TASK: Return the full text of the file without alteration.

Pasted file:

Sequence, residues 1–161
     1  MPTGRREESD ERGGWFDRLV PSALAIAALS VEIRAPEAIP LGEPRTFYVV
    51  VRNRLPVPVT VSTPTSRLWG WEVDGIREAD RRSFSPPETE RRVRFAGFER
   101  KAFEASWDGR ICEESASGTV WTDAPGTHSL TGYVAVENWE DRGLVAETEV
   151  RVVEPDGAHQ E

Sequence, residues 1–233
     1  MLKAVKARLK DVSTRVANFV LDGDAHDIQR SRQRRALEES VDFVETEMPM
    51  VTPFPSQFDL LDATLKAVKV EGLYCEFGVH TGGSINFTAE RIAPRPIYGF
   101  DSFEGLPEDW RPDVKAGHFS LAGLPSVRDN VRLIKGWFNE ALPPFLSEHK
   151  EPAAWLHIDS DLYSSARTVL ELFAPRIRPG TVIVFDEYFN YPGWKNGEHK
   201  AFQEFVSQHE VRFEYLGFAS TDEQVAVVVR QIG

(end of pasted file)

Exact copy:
Sequence, residues 1–161
     1  MPTGRREESD ERGGWFDRLV PSALAIAALS VEIRAPEAIP LGEPRTFYVV
    51  VRNRLPVPVT VSTPTSRLWG WEVDGIREAD RRSFSPPETE RRVRFAGFER
   101  KAFEASWDGR ICEESASGTV WTDAPGTHSL TGYVAVENWE DRGLVAETEV
   151  RVVEPDGAHQ E

Sequence, residues 1–233
     1  MLKAVKARLK DVSTRVANFV LDGDAHDIQR SRQRRALEES VDFVETEMPM
    51  VTPFPSQFDL LDATLKAVKV EGLYCEFGVH TGGSINFTAE RIAPRPIYGF
   101  DSFEGLPEDW RPDVKAGHFS LAGLPSVRDN VRLIKGWFNE ALPPFLSEHK
   151  EPAAWLHIDS DLYSSARTVL ELFAPRIRPG TVIVFDEYFN YPGWKNGEHK
   201  AFQEFVSQHE VRFEYLGFAS TDEQVAVVVR QIG